Apparently there are 2 electron self-energy graphs possible. The first, the more "familiar", where the incoming electron at time $t_1$ splits up in a photon and an virtual electron. At $t_2>t_1$ the virtual photon joins the electron again. But the Feynman-propagator also allows $t_1>t_2$, where apparently the incoming electron hits a positron at $t_1$ which was created at time $t_2<t_1$. But for the creation of the electron-positron pair at $t_2$ the photon has to provide the positive energy at $t_2$ for the creation process, so this photon seems to be created at $t_1>t_2$, so the photon is apparently moving backward in time. The other possibility is of course apply Feynman's saying: Backward in time running particles with energy $E$ can be interpreted as forward in time running particles with $-E$ (assuming $E$ can have positive or negative sign in general). Therefore, it would be equivalent to say that for the electron self-energy diagram where $t_1>t_2$, at $t_2$ a photon is created with energy $-E$ ($E$ being the energy needed for the creation of the electron-positron pair) and then moving in time forward to $t_1$ to deliver this negative energy to destroy the (incoming) electron-(virtual) positron pair. Therefore I come to the conclusion that virtual photons can have negative energy in running in time forward or positive energy running in time backward.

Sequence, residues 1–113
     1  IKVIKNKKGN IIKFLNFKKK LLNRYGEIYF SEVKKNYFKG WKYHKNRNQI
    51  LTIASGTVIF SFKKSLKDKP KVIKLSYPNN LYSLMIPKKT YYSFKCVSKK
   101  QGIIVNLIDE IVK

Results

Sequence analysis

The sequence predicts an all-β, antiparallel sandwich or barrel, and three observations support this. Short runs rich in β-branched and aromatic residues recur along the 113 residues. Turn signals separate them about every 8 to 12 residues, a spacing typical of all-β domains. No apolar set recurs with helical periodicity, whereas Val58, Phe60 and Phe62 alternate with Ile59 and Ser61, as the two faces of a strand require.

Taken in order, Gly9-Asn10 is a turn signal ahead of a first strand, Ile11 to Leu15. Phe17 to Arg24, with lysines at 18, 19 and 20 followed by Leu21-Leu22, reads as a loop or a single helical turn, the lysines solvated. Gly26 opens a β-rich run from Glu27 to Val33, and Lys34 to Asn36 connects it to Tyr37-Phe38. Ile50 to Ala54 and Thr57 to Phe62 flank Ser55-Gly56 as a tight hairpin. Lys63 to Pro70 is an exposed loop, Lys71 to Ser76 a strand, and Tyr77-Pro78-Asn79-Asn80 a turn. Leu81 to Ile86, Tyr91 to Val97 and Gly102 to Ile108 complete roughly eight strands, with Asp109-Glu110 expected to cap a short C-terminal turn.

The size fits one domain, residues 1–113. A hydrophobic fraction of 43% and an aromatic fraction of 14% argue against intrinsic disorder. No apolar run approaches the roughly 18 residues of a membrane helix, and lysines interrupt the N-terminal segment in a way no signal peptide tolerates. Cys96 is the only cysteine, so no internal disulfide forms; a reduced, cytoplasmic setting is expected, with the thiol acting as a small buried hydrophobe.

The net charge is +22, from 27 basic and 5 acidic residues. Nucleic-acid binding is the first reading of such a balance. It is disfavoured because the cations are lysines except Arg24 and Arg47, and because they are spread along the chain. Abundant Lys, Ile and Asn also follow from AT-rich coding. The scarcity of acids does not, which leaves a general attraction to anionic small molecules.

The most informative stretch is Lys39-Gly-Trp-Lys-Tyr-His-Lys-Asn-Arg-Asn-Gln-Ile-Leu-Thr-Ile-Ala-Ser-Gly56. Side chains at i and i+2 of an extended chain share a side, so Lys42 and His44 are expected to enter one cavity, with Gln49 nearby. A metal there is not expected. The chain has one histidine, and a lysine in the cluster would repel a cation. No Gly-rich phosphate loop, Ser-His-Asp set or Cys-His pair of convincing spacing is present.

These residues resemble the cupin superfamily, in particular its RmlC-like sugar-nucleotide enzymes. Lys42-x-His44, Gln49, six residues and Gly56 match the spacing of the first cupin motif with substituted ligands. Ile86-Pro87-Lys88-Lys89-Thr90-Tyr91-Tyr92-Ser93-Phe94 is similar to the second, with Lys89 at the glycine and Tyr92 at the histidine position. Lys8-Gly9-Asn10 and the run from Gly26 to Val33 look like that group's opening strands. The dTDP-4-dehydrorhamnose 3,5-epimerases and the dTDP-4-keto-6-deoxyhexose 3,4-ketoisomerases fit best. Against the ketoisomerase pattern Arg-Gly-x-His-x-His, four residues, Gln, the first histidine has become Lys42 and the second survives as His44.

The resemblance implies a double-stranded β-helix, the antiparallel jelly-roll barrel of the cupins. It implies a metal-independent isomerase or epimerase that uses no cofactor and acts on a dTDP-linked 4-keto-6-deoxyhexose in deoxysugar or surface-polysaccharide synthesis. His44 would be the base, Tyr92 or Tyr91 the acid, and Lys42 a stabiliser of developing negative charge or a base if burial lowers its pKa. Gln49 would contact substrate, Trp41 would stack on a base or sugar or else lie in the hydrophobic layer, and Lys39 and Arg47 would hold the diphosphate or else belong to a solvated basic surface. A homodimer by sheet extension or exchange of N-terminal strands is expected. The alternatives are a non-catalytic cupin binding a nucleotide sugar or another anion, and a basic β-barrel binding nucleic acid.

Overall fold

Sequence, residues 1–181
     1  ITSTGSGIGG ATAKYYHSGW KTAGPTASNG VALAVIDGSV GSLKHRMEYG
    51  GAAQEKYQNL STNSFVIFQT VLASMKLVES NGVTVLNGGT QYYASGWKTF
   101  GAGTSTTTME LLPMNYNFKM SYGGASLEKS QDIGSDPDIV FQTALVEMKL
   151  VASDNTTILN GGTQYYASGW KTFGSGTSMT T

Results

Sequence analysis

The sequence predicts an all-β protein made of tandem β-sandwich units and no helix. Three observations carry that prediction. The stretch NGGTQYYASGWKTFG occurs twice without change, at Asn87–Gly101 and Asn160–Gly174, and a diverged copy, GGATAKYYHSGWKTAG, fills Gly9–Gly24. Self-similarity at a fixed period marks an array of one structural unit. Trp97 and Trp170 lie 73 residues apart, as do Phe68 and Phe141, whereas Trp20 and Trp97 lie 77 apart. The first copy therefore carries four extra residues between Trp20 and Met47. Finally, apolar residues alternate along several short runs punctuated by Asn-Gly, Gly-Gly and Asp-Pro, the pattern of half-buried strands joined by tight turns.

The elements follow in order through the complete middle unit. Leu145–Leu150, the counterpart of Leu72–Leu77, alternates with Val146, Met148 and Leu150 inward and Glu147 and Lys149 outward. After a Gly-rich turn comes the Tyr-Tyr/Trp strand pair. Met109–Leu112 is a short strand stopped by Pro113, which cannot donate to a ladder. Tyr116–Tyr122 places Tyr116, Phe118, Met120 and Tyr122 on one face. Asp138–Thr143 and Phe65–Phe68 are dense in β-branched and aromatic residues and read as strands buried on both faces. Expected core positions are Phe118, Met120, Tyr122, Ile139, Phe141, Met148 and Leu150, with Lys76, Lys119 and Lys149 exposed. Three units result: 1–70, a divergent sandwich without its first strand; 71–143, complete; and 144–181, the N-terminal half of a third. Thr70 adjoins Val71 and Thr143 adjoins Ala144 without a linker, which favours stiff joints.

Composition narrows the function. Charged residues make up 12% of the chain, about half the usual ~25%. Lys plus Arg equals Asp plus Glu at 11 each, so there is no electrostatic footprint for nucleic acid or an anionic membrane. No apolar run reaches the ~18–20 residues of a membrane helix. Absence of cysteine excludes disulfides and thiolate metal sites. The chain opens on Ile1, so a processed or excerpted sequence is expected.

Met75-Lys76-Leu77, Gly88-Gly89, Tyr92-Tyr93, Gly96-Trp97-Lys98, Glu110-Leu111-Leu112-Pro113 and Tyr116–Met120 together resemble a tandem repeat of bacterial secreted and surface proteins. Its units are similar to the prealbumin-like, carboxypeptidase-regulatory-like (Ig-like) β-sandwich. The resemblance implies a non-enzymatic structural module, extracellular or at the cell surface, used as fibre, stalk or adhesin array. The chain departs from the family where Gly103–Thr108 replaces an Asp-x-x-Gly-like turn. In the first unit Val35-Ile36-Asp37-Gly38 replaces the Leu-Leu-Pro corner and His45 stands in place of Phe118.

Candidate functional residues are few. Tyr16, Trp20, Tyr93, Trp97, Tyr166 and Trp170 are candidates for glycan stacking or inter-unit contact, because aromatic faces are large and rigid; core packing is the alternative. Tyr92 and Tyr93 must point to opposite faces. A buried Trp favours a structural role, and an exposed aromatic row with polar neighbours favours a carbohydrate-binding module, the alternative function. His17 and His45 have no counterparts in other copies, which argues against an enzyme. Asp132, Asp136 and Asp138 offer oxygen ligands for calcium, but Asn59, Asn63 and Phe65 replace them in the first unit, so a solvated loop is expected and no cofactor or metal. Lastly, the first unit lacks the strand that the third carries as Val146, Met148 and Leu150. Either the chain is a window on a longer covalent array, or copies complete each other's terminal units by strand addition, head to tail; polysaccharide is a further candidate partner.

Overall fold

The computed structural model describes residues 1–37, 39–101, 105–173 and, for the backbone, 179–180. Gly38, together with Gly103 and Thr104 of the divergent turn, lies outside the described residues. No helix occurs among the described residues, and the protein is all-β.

What about real photons? I would be astonished about real negative energy photons. Or would the dispersion relation $\omega^2=k^2$ allow for negative frequencies (keeping in mind that these negative frequency solutions would again correspond to photons as anti-photons and photons are the same)?